Bob Dylan and Synesthesia: To Be Where The Angels Fly (Part III)

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By Larry Fyffe

The Romantic poets turn to mental perceptions in their examination of the human condition because the senses directly link the environment outside to the brain inside. Those writers who focus on the intellect and reason, rather than on the artistic imagination, tend to distance their feelings from the world in which they exist.

The Romantic poets employ synesthetic images that refer to sensations like movement, touch, taste, smell, sound, sight; and to the way they intermingle within the human mind, and how they can be recalled therefrom.

Poet John Keats be the master of the technique of employing figurative language to create a sensual world, a place that is both beautiful and frightful:

O for a drop of vintage! that hath been
Cooled a long age in deep-delved earth
Tasting of Flora and the country green
Dance, Provencal song, and sunburnt mirth!
O for a beaker of the warm South
Full of the true, the blushful Hippocrene
With beaded bubbles winking at the brime
And purple-stained mouth
That I might drink, and leave the world unseen
And with thee fly away into the forest dim

(John Keats: Ode To A Nightingale)

Many of the poems of John Keats, and a number of song lyrics by Bob Dylan, both figuratively alliterative, feature a cauldron of mixed-up senses, i.e., of purple and mercury mouths:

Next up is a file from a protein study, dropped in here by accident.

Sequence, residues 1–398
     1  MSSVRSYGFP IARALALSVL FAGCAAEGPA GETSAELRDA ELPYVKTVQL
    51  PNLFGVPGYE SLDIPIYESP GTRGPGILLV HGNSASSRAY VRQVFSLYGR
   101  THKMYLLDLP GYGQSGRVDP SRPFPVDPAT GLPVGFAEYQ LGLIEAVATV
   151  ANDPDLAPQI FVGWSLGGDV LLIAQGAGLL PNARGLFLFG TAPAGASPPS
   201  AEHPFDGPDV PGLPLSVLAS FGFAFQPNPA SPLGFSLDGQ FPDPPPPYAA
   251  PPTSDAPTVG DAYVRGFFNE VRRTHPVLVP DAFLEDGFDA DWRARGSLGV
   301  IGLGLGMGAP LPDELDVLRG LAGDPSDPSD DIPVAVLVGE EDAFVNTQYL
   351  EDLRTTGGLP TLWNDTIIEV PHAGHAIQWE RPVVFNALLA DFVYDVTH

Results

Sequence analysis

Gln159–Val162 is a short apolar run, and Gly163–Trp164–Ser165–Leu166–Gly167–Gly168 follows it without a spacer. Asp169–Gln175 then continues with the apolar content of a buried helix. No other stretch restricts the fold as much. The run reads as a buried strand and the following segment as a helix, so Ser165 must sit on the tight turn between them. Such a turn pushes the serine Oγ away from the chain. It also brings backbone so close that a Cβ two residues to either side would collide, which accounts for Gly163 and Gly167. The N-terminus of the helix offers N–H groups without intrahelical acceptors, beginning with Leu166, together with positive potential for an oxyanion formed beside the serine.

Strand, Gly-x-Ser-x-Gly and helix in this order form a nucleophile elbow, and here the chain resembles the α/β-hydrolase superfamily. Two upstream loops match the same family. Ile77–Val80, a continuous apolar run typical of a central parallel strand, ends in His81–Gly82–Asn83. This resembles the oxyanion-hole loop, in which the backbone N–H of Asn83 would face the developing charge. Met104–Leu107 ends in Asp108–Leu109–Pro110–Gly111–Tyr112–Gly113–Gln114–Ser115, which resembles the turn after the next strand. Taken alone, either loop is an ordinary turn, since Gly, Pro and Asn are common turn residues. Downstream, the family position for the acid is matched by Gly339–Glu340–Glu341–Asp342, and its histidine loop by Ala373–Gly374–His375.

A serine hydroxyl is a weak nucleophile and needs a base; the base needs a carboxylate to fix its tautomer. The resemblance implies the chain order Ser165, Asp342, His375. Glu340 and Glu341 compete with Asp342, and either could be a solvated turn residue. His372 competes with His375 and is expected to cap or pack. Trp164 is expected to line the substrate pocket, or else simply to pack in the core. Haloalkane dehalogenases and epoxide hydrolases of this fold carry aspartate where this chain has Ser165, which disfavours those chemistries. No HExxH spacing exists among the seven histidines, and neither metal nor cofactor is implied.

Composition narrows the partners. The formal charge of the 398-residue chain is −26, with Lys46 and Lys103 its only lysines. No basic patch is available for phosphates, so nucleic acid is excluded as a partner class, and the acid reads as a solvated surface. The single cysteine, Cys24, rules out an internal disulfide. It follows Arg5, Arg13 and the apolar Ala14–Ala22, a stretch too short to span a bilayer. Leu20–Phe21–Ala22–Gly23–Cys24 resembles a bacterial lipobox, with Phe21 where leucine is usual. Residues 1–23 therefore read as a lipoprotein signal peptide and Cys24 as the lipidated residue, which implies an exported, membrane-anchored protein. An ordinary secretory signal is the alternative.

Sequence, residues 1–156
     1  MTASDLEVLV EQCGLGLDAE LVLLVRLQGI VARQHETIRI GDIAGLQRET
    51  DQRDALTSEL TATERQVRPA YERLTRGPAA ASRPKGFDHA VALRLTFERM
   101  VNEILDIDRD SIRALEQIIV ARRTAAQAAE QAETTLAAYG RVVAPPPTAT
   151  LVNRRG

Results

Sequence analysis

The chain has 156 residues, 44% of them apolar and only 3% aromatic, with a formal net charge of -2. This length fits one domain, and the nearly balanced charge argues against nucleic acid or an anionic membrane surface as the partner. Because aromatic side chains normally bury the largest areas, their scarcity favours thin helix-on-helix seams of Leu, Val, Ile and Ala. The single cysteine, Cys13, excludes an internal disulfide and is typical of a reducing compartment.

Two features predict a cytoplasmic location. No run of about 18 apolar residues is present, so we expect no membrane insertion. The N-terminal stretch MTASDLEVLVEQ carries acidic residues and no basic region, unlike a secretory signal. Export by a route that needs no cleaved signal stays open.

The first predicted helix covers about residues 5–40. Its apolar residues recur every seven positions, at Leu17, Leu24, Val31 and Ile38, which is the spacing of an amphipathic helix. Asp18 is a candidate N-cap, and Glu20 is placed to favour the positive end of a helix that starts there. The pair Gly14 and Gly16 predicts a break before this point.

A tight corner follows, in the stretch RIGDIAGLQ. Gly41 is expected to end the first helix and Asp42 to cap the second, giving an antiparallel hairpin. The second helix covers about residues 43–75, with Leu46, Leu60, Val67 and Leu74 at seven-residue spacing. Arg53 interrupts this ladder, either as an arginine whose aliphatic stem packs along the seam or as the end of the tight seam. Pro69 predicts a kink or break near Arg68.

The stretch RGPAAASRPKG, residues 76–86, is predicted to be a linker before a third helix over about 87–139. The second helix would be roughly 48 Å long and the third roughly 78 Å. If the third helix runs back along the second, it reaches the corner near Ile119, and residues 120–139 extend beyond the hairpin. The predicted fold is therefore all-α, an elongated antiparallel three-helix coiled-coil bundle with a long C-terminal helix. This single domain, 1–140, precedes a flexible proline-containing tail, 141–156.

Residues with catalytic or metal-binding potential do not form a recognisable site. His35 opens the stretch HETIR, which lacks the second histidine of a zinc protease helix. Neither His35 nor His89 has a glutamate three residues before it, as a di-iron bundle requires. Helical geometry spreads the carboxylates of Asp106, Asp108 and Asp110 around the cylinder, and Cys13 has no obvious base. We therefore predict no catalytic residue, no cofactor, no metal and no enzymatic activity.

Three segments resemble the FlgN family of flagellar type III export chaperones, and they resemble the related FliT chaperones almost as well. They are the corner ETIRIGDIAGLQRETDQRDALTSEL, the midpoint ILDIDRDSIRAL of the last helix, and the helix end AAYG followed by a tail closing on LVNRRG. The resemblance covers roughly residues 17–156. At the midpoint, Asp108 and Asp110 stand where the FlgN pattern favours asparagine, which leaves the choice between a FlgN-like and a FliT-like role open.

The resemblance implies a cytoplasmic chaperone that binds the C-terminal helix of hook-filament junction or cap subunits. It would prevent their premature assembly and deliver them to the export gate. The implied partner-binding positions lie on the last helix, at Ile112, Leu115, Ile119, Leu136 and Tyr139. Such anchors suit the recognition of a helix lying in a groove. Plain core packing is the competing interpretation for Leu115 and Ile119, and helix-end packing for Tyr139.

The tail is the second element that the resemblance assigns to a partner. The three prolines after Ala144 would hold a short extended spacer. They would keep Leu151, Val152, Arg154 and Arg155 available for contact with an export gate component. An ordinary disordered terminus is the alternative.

With your mercury mouth in the missionary times
And your eyes like smoke, and your prayers like rhymes
And your silver cross, and your voice like chimes
Oh who do they think could bury you?
With your pockets well protected at last
And your streetcar visions which you place on the grass
And your flesh like silk, and your face like glass
Who could they get to carry you?

(Bob Dylan: Sad-Eyed Lady Of Lowlands)

Keats mourns the loss of the joyful taste of flowers, of a song bird’s music now ‘buried deep’ in the forest, while Dylan finds the loss of a girl that he loves leaves a sad taste in his mouth:

Now I'm wearing the cloak of misery
And I've tasted jilted love
And the frozen smile upon my face
Fits me like a glove
But I can't escape from the memory
Of the one that I'll always adore
All those nights when I lay in the arms
Of the girl from the Red River Shore

(Bob Dylan: Red River Shore)

In the song lyric below, the imagery serves as a correlative to objectify the sensation of sorrowful emotion:

The sun is sinking low
I guess it's time to go
I feel a chilly breeze
In place of memories
My dreams are locked and barred
Admitting life is hard
Without you

(Bob Dylan: Life Is Hard)

Edgar Allen Poe’s writing style is influenced by the synesthetic imagery of John Keats:

The mystery which binds me still
From the torrent, or the fountain
From the red cliff of the mountain
From the sun that 'round me rolled
In the autumn tint of gold
From the lightning in the sky
As it passed me flying by
From the thunder, and the storm

(Edgar Allen Poe: Alone)

Passed from Keats to Poe; from Poe to Dylan – note the Dylanesque ‘rhyme twist’ from the poem above in the song lyrics below:

~ ‘sky’/’by’; ‘by’/’fly’:

Some of us turn off the lights, and we live
In the moonlight shooting by
Some of us scare ourselves in the dark
To be where the angels fly

(Bob Dylan: Red River Shore)

The fear of losing the spirit of the imagination required to create worthy works of art haunts many of the lyrics of John Keats, Edgar Allen Poe, and Bob Dylan.

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